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There is a paucity of accurate and reliable biomarkers to detect traumatic brain injury, grade its severity, and model post-traumatic brain injury (TBI) recovery. This gap could be addressed via advances in brain mapping which define injury signatures and enable tracking of post-injury trajectories at the individual level. Mapping of molecular and anatomical changes and of modifications in functional activation supports the conceptual paradigm of TBI as a disorder of large-scale neural connectivity. Imaging approaches with particular relevance are magnetic resonance techniques (diffusion weighted imaging, diffusion tensor imaging, susceptibility weighted imaging, magnetic resonance spectroscopy, functional magnetic resonance imaging, and positron emission tomographic methods including molecular neuroimaging). Inferences from mapping represent unique endophenotypes which have the potential to transform classification and treatment of patients with TBI. Limitations of these methods, as well as future research directions, are highlighted.
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Intranasal treatment with C57BL/6 MSCs reduces lesion volume and improves motor and cognitive behavior in the neonatal hypoxic-ischemic (HI) mouse model. In this study, we investigated the potential of human MSCs (hMSCs) to treat HI brain injury in the neonatal mouse. Assessing the regenerative capacity of hMSCs is crucial for translation of our knowledge to the clinic. We determined the neuroregenerative potential of hMSCs in vitro and in vivo by intranasal administration 10 d post-HI in neonatal mice. HI was induced in P9 mouse pups. 1×106 or 2×106 hMSCs were administered intranasally 10 d post-HI. Motor behavior and lesion volume were measured 28 d post-HI. The in vitro capacity of hMSCs to induce differentiation of mouse neural stem cell (mNSC) was determined using a transwell co-culture differentiation assay. To determine which chemotactic factors may play a role in mediating migration of MSCs to the lesion, we performed a PCR array on 84 chemotactic factors 10 days following sham-operation, and at 10 and 17 days post-HI. Our results show that 2×106 hMSCs decrease lesion volume, improve motor behavior, and reduce scar formation and microglia activity. Moreover, we demonstrate that the differentiation assay reflects the neuroregenerative potential of hMSCs in vivo, as hMSCs induce mNSCs to differentiate into neurons in vitro. We also provide evidence that the chemotactic factor CXCL10 may play an important role in hMSC migration to the lesion site. This is suggested by our finding that CXCL10 is significantly upregulated at 10 days following HI, but not at 17 days after HI, a time when MSCs no longer reach the lesion when given intranasally. The results described in this work also tempt us to contemplate hMSCs not only as a potential treatment option for neonatal encephalopathy, but also for a plethora of degenerative and traumatic injuries of the nervous system.
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Neurosurgery is one of the most demanding surgical specialties in terms of precision requirements and surgical field limitations. Recent advancements in robotic technology have generated the possibility of incorporating advanced technological tools to the neurosurgical operating room. Although previous studies have addressed the specific details of new robotic systems, there is very little literature on the strengths and drawbacks of past attempts, currently available platforms and prototypes in development. In this review, the authors present a critical historical analysis of the development of robotic technology in neurosurgery as well as a comprehensive summary of the currently available systems that can be expected to be incorporated to the neurosurgical armamentarium in the near future. Finally, the authors present a critical analysis of the main technical challenges in robotic technology development at the present time (such as the design of improved systems for haptic feedback and the necessity of incorporating intraoperative imaging data) as well as the benefits which robotic technology is expected to bring to specific neurosurgical subspecialties in the near future.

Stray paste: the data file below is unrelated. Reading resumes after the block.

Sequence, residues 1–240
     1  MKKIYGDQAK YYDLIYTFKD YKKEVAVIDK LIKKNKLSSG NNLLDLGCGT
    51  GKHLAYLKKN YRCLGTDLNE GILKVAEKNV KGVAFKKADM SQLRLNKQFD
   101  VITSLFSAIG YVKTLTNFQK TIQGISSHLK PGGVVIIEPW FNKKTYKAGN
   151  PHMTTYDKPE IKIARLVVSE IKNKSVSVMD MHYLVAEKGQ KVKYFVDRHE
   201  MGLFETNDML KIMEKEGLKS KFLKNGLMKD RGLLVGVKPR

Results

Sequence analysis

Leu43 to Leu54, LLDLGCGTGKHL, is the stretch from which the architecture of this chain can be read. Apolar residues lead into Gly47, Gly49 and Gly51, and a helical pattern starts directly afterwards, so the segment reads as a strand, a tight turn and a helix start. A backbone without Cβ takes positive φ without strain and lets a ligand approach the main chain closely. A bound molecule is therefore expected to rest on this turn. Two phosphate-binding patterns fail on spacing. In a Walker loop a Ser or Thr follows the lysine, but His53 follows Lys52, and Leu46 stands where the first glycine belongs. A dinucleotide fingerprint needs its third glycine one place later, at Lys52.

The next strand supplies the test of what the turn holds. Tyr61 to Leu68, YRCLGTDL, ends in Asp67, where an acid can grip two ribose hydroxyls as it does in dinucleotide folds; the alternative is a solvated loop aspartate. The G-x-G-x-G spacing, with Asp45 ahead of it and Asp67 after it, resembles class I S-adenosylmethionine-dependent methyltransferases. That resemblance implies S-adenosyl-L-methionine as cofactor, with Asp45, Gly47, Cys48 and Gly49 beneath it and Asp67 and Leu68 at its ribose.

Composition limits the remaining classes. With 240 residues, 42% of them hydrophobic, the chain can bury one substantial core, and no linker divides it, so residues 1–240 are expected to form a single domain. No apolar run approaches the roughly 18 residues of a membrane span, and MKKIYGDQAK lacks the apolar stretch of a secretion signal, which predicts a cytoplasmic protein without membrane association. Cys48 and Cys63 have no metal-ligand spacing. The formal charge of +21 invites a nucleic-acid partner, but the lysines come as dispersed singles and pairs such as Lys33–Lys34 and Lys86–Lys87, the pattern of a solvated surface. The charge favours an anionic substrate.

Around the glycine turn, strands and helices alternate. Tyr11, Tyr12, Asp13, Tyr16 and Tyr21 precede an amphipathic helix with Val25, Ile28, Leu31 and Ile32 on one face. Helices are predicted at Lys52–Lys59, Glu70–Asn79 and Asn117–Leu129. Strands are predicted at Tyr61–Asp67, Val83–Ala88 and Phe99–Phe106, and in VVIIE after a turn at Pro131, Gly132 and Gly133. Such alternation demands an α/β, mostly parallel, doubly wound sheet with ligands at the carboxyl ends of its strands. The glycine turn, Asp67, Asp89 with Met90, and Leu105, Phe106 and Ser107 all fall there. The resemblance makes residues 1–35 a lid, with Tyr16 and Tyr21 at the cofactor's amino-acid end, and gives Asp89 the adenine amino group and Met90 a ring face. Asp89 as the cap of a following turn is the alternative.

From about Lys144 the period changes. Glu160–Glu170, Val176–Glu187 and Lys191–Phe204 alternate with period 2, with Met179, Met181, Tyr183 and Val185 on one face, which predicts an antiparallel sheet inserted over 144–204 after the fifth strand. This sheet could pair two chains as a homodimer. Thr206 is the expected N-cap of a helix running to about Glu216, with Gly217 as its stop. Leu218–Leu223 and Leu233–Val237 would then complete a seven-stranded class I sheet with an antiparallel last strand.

Over the last decade, surgical technology in planning, mapping, optics, robotics, devices, and minimally invasive techniques has changed the face of modern neurosurgery. We explore the current advances in clinical technology across all neurosurgical subspecialties, examine how clinical practice is being shaped by this technology, and suggest what the operating room of tomorrow may look like.
From the outset, it was apparent that developing new therapies with mesenchymal stem/stromal cells (MSCs) was not a simple or easy task. Among the earliest experiments was administration of MSCs from normal mice to transgenic mice that developed brittle bones because they expressed a mutated gene for type 1 collagen isolated from a patient with osteogenesis imperfecta. The results prompted a clinical trial of MSCs in patients with severe osteogenesis imperfecta. Subsequent work by large numbers of scientists and clinicians has established that, with minor exceptions, MSCs do not engraft or differentiate to a large extent in vivo. Instead the cells produce beneficial effects in a large number of animal models and some clinical trials by secreting paracrine factors and extracellular vesicles in a “hit and run” scenario. The field faces a number of challenges, but the results indicate that we are on the way to effective therapies for millions of patients who suffer from devastating diseases.
This paper reviews the recent studies and development of stem cell therapy for ischemic stroke. Stem cells can differentiate into several types of mature cells, including neurons and glial cells. Stem cell transplantation, a promising therapy, can be able to facilitate functional recovery both in animal models and stroke patients. In this review, we introduce briefly the different types of endogenous stem cells and the transplantation of exogenous stem cells; in addition, we discuss the timing, dosage, route, and tracing of stem cell therapy for ischemic stroke in details. Finally, the clinical challenge and application of stem cells in future are also discussed.